-----BEGIN PGP SIGNED MESSAGE-----
AUSCERT External Security Bulletin Redistribution
ESB-2007.0956 -- [OSX]
Apple Mail remote command execution vulnerability
28 November 2007
AusCERT Security Bulletin Summary
Product: Apple Mail
Operating System: Mac OS X
Impact: Execute Arbitrary Code/Commands
Original Bulletin: http://www.kb.cert.org/vuls/id/433819
- --------------------------BEGIN INCLUDED TEXT--------------------
Vulnerability Note VU#433819
Apple Mail remote command execution vulnerability
Apple Mail contains a vulnerability that may allow an attacker to execute
arbitrary commands on OS X Leopdard (10.5) systems.
Apple OS X uses resource forks to store structured data in files. Data
forks are used to store unstructured data.
The AppleDouble standard is specified in RFC 1740:
AppleDouble is the preferred format for a Macintosh file that is to
be included in an Internet mail message, because it provides
recipients with Macintosh computers the entire document, including
icons and other Macintosh specific information, while other users
easily can extract the Data fork (the actual data) as it is
separated from the AppleDouble encoding.
Apple Mail parses resource forks in mail attachments that use the MIME
- From the Heise Security report:
Files on a Mac can contain additional information, such as the one
that another program should be used to open them. The operating
system stores these in the file system in a so-called "resource fork",
which is linked to the file. This type of information is usually
limited to the local system; however, for emails the MIME format
AppleDouble allows resource forks to be attached -- these are
automatically analyzed by Apple Mail.
This allows an attacker to create an email with an attachment called
picture.jpg that is displayed with a JPEG icon. But when the user
tries to open the picture, Apple Mail analyses the resource fork and
executes a shell script, for example, without further warning. In
this case, even the MIME type displays the attachment as image/jpeg,
but careful Mac users may become suspicious when they see that the
picture is not immediately displayed as usual.
Note that to successfully exploit this vulnerability an attacker would need
to convince a user to open a specially crafted email attachment with Apple
Mail. Note that this vulnerability was originally addressed in
APPLE-SA-2006-03-01, but was not addressed or reintroduced in Mac OS X
Leopard. See US-CERT Technical Cyber Security Alert TA06-062A for more
information about APPLE-SA-2006-03-01.
A remote, unauthenticated attacker may be able to execute arbitrary
commands with the permissions of the user running Apple Mail.
We are currently unaware of a practical solution to this problem.
Do not open unsolicited email attachments
Use caution when opening email attachments. See US-CERT Cyber Security Tip
ST04-010 for more information on how to safely handle email messages.
Vendor Status Date Updated
Apple Computer, Inc. Vulnerable 27-Nov-2007
This report was based on publicly available information provided by Heise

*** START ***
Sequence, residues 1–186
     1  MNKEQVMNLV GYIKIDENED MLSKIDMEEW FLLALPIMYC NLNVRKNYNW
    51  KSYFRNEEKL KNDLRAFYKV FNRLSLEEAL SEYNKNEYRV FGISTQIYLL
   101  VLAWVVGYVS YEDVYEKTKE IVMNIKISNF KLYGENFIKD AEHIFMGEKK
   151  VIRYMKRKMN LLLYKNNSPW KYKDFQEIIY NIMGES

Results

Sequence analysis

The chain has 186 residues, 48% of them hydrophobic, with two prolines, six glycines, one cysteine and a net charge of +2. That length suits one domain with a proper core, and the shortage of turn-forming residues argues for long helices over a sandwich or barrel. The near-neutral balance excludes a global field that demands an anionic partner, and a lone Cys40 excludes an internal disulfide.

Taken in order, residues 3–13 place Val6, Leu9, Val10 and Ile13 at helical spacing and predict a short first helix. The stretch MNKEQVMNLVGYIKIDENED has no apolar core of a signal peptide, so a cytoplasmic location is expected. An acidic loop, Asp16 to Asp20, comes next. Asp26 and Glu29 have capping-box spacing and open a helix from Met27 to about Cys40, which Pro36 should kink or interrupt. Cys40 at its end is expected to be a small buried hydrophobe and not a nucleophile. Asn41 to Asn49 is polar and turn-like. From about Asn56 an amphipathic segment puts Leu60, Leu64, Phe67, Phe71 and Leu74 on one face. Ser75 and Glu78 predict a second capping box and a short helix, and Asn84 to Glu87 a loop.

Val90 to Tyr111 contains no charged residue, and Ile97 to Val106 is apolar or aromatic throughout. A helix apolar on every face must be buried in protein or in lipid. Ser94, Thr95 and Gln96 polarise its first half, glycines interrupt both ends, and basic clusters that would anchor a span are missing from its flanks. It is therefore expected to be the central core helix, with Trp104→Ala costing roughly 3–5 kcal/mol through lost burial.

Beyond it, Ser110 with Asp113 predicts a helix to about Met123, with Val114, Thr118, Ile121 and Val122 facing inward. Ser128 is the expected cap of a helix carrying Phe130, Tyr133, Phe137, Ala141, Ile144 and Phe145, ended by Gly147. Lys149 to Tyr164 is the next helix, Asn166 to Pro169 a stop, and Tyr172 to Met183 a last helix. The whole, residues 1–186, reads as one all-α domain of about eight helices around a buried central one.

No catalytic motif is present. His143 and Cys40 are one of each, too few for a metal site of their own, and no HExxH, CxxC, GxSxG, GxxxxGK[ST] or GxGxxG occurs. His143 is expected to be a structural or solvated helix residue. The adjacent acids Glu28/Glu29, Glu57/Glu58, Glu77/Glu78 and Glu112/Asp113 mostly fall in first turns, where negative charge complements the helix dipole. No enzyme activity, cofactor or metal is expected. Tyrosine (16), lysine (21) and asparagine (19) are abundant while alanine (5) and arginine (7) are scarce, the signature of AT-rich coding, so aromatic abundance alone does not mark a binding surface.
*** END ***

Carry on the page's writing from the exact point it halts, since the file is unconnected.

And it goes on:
This document was written by Ryan Giobbi.
Date Public 25/11/2007
Date First Published 27/11/2007 09:11:46
Date Last Updated 27/11/2007
Document Revision 32
- --------------------------END INCLUDED TEXT--------------------
You have received this e-mail bulletin as a result of your organisation's
registration with AusCERT. The mailing list you are subscribed to is
maintained within your organisation, so if you do not wish to continue
receiving these bulletins you should contact your local IT manager. If
you do not know who that is, please send an email to email@example.com
and we will forward your request to the appropriate person.
NOTE: Third Party Rights
This security bulletin is provided as a service to AusCERT's members. As
AusCERT did not write the document quoted above, AusCERT has had no control
over its content. The decision to follow or act on information or advice
contained in this security bulletin is the responsibility of each user or
organisation, and should be considered in accordance with your organisation's
site policies and procedures. AusCERT takes no responsibility for consequences
which may arise from following or acting on information or advice contained in
this security bulletin.
NOTE: This is only the original release of the security bulletin. It may
not be updated when updates to the original are made. If downloading at
a later date, it is recommended that the bulletin is retrieved directly
from the author's website to ensure that the information is still current.
Contact information for the authors of the original document is included
in the Security Bulletin above. If you have any questions or need further
information, please contact them directly.
Previous advisories and external security bulletins can be retrieved from:
If you believe that your computer system has been compromised or attacked in
any way, we encourage you to let us know by completing the secure National IT
Incident Reporting Form at:
Australian Computer Emergency Response Team
The University of Queensland
Internet Email: firstname.lastname@example.org
Facsimile: (07) 3365 7031
Telephone: (07) 3365 4417 (International: +61 7 3365 4417)
AusCERT personnel answer during Queensland business hours
which are GMT+10:00 (AEST).
On call after hours for member emergencies only.
-----BEGIN PGP SIGNATURE-----
-----END PGP SIGNATURE-----